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is it philosophical to be ambivalent

Hi, I’m going into Life Sci this fall and I was wondering if Philosophy will be a heavy elective to take in my first year?



oh god, i hope i’m not too late with this one, since first year course selection is TODAY!!!

scared wreck-it ralph GIF by Walt Disney Studios

i’m really bad at answering these kinds of questions, ‘cuz i think that how “heavy” a course is is totally subjective. like, i’m reeeeeeealllllllly bad at math, so even a “bird” math course would feel like a huge feat to me.

in my very humble opinion, the most important part of deciding whether or not a course is a good elective is whether or not you’re interested. personal anecdote: when i was a wee first year, i took a science course as an elective that i wasn’t all that interested in (i just wanted to fill up my timetable and i thought fulfilling my breadth requirements would be a good idea). unfortunately, because i had no interest whatsoever in the subject material, i ended up doing really badly in the course. womp womp.

so, i can’t really say whether or not philosophy would be too “heavy,” that is really a judgement call that only you can make. think hard, potential future philosopher.

interesting batman GIF

good luck!




an insistant inquiry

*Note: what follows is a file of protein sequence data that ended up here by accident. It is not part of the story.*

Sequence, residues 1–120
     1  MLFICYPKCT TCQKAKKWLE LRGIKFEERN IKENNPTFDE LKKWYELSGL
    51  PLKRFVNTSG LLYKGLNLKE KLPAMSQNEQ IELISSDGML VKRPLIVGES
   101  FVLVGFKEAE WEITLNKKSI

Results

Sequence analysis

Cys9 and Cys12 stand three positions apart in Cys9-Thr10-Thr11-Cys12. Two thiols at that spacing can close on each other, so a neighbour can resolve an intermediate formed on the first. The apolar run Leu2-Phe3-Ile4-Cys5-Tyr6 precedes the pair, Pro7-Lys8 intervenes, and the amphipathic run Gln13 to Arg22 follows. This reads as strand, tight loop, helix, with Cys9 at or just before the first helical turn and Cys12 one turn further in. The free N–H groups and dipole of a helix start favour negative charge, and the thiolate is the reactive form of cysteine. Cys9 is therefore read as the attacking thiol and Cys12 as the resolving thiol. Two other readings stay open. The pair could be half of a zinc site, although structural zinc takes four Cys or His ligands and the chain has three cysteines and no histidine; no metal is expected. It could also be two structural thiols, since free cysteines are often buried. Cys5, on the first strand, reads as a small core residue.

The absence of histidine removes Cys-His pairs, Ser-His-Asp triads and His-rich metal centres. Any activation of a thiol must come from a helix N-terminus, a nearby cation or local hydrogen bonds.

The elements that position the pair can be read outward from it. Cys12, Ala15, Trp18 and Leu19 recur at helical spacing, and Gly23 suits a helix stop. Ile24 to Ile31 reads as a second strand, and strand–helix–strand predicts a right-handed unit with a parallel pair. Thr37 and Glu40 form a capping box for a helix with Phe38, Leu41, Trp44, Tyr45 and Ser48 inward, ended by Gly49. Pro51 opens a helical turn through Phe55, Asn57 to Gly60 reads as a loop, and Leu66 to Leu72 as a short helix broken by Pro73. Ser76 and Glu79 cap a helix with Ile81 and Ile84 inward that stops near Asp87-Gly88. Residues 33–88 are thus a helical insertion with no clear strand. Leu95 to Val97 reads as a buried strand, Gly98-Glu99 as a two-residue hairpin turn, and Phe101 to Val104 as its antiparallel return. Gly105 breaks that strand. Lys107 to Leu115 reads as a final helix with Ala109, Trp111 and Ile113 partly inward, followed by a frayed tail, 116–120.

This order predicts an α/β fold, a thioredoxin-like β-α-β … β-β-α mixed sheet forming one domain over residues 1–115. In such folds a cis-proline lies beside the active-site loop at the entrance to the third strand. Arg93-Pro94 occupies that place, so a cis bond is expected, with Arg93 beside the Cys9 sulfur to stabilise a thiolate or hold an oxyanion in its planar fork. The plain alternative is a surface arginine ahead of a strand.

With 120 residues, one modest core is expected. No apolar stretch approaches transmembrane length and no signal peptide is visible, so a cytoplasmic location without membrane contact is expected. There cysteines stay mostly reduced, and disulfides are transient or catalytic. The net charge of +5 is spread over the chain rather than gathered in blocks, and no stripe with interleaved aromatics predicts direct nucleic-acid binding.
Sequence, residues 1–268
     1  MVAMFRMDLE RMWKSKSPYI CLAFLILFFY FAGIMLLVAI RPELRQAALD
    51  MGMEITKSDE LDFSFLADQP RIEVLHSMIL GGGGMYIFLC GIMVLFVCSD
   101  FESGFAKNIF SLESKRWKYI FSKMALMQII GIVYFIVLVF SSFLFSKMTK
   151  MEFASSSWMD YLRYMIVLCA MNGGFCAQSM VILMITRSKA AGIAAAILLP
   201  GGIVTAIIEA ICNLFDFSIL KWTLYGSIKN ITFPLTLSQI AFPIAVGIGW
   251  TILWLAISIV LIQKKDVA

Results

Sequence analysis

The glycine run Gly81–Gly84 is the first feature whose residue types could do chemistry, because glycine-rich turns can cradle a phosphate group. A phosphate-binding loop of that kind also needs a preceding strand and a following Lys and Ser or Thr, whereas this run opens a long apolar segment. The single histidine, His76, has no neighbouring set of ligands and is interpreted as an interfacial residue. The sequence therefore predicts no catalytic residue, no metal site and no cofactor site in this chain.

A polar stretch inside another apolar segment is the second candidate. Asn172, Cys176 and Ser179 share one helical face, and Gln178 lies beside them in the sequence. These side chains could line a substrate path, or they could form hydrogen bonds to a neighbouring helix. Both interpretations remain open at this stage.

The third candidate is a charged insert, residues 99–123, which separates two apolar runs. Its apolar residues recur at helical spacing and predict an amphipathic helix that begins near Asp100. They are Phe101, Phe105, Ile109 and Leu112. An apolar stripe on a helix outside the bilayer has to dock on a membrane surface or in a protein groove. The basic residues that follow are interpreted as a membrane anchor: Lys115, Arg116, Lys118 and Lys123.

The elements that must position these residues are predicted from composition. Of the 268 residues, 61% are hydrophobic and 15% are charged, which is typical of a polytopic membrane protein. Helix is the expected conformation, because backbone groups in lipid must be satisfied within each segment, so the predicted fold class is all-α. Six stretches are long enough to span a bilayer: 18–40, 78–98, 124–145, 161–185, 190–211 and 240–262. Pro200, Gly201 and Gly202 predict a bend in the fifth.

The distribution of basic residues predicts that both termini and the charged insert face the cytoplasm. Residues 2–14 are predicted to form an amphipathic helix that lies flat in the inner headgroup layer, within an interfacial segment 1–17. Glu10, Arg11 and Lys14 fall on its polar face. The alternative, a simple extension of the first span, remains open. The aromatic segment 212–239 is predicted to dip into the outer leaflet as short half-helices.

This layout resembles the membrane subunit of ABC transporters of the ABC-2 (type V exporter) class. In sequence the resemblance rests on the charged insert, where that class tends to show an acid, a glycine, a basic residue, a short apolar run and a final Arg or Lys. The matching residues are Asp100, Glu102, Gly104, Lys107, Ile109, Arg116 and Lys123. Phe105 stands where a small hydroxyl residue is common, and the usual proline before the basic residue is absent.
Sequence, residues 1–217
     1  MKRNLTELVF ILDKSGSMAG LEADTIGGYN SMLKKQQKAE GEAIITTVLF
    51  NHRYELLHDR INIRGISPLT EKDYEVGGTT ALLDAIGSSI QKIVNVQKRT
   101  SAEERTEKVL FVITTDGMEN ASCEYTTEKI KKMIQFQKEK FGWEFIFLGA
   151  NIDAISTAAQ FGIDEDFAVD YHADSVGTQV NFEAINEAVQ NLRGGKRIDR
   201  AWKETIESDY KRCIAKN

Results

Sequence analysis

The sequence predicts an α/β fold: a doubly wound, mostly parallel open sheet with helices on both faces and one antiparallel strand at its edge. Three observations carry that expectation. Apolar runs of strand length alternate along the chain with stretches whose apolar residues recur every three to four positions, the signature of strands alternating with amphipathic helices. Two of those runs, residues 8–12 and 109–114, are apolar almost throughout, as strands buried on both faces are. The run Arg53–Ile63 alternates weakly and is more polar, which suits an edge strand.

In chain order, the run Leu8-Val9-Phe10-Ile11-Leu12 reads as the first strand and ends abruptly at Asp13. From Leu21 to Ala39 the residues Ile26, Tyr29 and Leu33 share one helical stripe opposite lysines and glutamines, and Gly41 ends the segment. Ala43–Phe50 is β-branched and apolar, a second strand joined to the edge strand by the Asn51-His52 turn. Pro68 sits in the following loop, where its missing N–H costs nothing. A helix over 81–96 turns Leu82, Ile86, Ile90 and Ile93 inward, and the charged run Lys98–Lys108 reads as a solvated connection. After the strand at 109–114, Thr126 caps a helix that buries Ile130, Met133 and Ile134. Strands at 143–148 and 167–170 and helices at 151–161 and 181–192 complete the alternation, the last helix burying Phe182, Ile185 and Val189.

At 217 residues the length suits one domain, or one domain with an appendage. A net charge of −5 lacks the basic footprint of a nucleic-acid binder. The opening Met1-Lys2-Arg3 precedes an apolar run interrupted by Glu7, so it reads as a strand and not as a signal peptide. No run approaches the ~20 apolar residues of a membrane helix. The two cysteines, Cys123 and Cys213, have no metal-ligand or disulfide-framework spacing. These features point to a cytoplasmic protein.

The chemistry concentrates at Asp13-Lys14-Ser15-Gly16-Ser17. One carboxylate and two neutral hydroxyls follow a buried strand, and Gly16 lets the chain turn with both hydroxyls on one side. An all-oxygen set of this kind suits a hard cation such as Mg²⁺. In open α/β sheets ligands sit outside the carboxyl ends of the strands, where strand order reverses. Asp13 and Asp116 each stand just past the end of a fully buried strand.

Hi aska,

I thoroughly messed up my first year with a GPA of 2.0 (if Rosi decides to round off my average to its next integer that is, my percentage average is a 62.7) some serious labouring is in order and I’m willing to work my rear off to get myself out of this Black hole I’ve managed to put myself in, thanks to chronic procrastination. I’m pursuing the philosophy specialist and eventually hope to get into law school (of course that dream took a bullet after seeing my results). I guess I would be able to salvage my final GPA if I get straight 4.0’s in the next three years.

However, I’ve heard that Philosophy is hard to score in, and also one of my friends who is in her 4th year told me about how she had dropped her own Philosophy course after it was dragging her GPA down. I took Phl100 and thought it was not so bad in terms of the level of difficulty, even with my chronic procrastination. In terms of the essays in that course, I would end up doing it the night before, usually with help from the lecture notes since I hadn’t read the text itself, and would usually end up with a B- to a C-.